Mount Brandon Nature Reserve (Dexter Cattle Research Project)

19
Mar

Mount Brandon Nature Reserve (Dexter Cattle Research Project)

1 Contact: Therese Higgins, Project Leader, Institute of Technology, Clash, Tralee, Co. Kerry, Ireland. Tel: +353 (0)66 71456000 / Email:  therese.higgins@staff.ittralee.ie

 

2 Territory: Mountain Brandon (951.7m). The Mountain Brandon Nature Reserve is a 462 hectare statutory nature reserve located 35km west of Tralee, Co Kerry. The fenced reserve was established in 1986.

 

3 Founded: The five year Dexter Cattle Research Project was established in 2011.

 

4 Genesis: The project is a collaboration between the Institute of Technology, Tralee, the National Parks and Wildlife Service (NPWS), and a local Dexter beef cattle farmer.

 

5 Vision:

  1. To understand how ‘conservation grazing’ (i.e. grazing with traditional breeds of domestic animals for the benefit of biodiversity in semi-natural habitats) impacts on protected upland habitats and;
  2. To compare parasite burdens and dung beetles between upland and lowland grazing regimes.

6 Key Objectives:

  • A collaborative research project between a local organic beef farmer, a third level academic institution and the state agency responsible for nature conservation.
  • Studying the behaviour of free ranging Dexter cattle in a 462 hectare statutory nature reserve and assessing their impact on upland habitat
  • Developing specific, evidence-based management recommendations for land owners and managers of upland syst
  • Studying parasite-cattle interactions in upland and lowland settin

 

7 Structure & Staff:  A Project team lead by Dr Therese Higgins and Dr Geraldine Twamley-Stein, with a PhD student (Kilian Kelly) and a masters by research student (Noel Dineen). An overall Project Team comprised the three representatives of ITT, two farmers and the NPWS. Seven undergraduate research projects were completed during the lifetime of the project. A total of seventeen volunteers also supported the project.

 

8 Operational Management: All administration for the project was delivered through ITT.

 

9 Annual Core Budget: 100k pa for five years [Funded through: ITT, Institutes of Technology Ireland, NPWS and Shannon ABC Technology Gateway]

 

10 Sample Programming: The introduction of a herd of 30 Dexter cattle in 2011 into Mt Brandon Nature Reserve. The herd was grazed between July and October of each subsequent year to 2015; The creation of four 50 x 50 m animal exclosures in the primary habitats of the reserve (wet and dry heath, blanket bog and wet grassland)  which serve as ungrazed control plots; The completion of comprehensive vegetation and invertebrate sampling over 4 seasons in order to assess the response of various elements of biodiversity to the grazing treatment. and; Supporting research on parasite-cattle interaction. [Note: Ireland / UK have 85% of the ‘wet heath’ in Europe.]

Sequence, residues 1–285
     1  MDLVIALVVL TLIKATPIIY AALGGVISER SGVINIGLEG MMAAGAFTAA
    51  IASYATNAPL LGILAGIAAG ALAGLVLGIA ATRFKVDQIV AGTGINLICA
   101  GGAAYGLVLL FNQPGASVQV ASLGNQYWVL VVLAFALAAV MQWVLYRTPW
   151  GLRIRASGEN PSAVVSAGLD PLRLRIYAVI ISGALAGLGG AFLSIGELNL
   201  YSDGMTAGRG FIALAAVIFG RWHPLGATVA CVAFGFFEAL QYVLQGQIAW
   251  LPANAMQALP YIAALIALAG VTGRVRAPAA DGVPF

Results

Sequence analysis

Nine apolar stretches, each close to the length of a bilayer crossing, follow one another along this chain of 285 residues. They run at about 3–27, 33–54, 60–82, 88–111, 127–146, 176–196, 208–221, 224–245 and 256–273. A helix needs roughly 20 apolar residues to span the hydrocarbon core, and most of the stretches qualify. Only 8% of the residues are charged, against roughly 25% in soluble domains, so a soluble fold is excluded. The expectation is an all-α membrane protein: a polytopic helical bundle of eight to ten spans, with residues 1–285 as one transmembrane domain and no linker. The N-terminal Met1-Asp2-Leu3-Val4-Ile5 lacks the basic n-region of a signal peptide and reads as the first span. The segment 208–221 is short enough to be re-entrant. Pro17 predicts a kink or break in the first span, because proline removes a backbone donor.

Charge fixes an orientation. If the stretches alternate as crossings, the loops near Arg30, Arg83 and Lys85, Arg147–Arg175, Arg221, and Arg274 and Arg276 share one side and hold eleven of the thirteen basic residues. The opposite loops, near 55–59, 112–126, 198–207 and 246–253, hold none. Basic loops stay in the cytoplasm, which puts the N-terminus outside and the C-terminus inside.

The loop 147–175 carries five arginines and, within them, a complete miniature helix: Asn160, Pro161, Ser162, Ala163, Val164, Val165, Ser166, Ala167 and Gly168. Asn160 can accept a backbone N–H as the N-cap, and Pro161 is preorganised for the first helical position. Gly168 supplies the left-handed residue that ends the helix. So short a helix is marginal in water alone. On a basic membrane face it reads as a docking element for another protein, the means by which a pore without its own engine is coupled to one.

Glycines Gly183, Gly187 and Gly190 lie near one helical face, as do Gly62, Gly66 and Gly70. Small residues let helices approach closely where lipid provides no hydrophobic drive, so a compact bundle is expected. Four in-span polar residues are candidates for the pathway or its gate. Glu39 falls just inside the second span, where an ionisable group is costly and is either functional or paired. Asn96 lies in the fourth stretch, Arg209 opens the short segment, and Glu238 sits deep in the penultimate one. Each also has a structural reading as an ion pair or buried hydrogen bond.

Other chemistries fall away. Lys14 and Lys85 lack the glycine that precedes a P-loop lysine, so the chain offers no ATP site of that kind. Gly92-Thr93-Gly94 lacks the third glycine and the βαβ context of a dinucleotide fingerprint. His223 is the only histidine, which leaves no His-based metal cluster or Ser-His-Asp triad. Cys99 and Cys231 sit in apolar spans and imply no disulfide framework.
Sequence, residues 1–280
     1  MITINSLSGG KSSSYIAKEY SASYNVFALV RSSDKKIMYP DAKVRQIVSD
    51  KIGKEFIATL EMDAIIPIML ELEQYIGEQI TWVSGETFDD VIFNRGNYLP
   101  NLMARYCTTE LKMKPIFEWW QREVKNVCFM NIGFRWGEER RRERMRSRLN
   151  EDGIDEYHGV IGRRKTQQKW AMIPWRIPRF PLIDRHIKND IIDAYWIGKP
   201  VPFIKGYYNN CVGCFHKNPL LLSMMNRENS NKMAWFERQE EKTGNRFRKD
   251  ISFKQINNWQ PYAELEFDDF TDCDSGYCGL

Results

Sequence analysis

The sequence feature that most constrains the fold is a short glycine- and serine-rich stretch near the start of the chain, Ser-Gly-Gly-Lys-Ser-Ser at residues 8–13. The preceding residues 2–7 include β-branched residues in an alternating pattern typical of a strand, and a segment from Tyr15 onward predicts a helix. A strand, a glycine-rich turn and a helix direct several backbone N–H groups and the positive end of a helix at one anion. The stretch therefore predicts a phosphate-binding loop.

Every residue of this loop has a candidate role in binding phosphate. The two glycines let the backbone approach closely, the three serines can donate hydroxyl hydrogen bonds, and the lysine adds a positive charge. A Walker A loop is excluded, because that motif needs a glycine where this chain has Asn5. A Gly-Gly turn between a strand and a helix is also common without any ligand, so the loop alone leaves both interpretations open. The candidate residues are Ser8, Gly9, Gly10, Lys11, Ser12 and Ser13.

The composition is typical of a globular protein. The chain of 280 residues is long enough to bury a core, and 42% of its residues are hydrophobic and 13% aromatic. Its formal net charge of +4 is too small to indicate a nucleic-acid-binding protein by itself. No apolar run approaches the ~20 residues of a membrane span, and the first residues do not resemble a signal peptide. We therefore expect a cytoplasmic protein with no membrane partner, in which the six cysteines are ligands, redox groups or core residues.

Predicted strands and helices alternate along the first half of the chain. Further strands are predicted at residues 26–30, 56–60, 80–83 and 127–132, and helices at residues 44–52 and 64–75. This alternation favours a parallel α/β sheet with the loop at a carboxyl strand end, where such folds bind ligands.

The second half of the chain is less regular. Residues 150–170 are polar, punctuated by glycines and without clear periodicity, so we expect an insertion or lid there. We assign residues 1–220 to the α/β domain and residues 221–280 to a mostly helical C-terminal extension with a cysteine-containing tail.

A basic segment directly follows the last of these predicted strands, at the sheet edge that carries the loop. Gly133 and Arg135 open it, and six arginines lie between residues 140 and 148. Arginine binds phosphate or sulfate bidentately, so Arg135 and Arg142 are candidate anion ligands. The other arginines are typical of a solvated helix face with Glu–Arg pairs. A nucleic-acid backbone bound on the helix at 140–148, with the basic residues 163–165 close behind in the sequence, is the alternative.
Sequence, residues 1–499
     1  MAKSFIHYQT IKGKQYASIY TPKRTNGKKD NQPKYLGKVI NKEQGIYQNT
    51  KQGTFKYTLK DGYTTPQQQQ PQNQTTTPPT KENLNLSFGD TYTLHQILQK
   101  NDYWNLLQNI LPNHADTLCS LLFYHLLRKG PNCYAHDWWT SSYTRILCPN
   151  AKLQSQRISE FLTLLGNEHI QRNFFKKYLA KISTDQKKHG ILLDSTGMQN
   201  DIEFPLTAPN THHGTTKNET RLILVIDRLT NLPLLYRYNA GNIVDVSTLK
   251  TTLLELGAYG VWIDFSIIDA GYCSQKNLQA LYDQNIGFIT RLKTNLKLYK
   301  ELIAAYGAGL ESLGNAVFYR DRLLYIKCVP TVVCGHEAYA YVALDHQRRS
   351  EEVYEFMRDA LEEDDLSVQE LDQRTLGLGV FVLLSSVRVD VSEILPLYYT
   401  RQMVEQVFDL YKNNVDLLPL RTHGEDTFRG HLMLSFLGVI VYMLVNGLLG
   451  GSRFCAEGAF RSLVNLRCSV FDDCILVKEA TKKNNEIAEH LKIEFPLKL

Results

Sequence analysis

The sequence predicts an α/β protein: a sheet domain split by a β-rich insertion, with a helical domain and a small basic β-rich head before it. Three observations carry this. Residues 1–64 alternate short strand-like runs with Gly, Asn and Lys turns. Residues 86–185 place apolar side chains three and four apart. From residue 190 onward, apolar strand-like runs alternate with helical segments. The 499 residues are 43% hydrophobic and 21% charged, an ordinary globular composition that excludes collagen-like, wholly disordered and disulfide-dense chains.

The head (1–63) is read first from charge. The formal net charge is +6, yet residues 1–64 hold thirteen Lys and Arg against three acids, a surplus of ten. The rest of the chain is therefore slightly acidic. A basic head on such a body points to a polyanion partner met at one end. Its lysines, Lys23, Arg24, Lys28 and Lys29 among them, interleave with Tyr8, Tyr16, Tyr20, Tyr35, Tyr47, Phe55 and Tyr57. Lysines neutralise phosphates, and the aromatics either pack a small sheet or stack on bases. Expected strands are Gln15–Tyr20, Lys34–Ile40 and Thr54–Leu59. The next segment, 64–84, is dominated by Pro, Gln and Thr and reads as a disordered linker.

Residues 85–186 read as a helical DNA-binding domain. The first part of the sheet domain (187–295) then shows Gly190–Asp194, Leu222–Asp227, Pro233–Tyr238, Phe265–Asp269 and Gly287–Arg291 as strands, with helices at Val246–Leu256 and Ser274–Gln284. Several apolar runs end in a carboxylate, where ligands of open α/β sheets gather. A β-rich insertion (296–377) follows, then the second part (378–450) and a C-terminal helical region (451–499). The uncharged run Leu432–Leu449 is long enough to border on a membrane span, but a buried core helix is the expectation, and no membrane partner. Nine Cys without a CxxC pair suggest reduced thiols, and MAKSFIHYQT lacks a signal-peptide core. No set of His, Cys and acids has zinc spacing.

11 Some Practical Problems Encountered: The lack of primary data and related research models to begin with; The coexistence of a ‘research area’ with recreational walkers as Mount Brandon is on the Dingle Way; Perhaps a five year time frame for the project is just too short. [Note: significantly more research work being conducted on upland cattle grazing in Scotland / England, there is a ‘funding deficit’ in Ireland.]

 

12 Some Unresolved Issues: Is there a longer term impact on the uplands of the reintroduction of the cattle? Although baseline data now exists on the grazing pattern / impact of the Dexter’s over a five year period on Mount Brandon opportunities exist to broaden the scope of the research possibly examining also other native breeds such as the Kerry’s. [Note: Coastal and upland areas remain the most sensitive to climate change.]

 

13 Lessons Learned: All partners brought not just skills and experience but also financial support (in cash and in-kind) that enabled the research project to happen; the potential for greater linkage between a regional food ‘product’ such as the Dexter’s with the landscape; the physical hardship / difficulties of uplands farming coupled with health and safety risks; the challenges, practicalities and economies of farming using traditional practices and; local government supported employment schemes, although very welcome, could be more effective in addressing the very real needs of the uplands.

 

14 Work Profile: Dedicated research 60%; partner engagement 15%; administration / fund raising 15%; communications 10%.

Address:

Dingle Peninsula
Ireland

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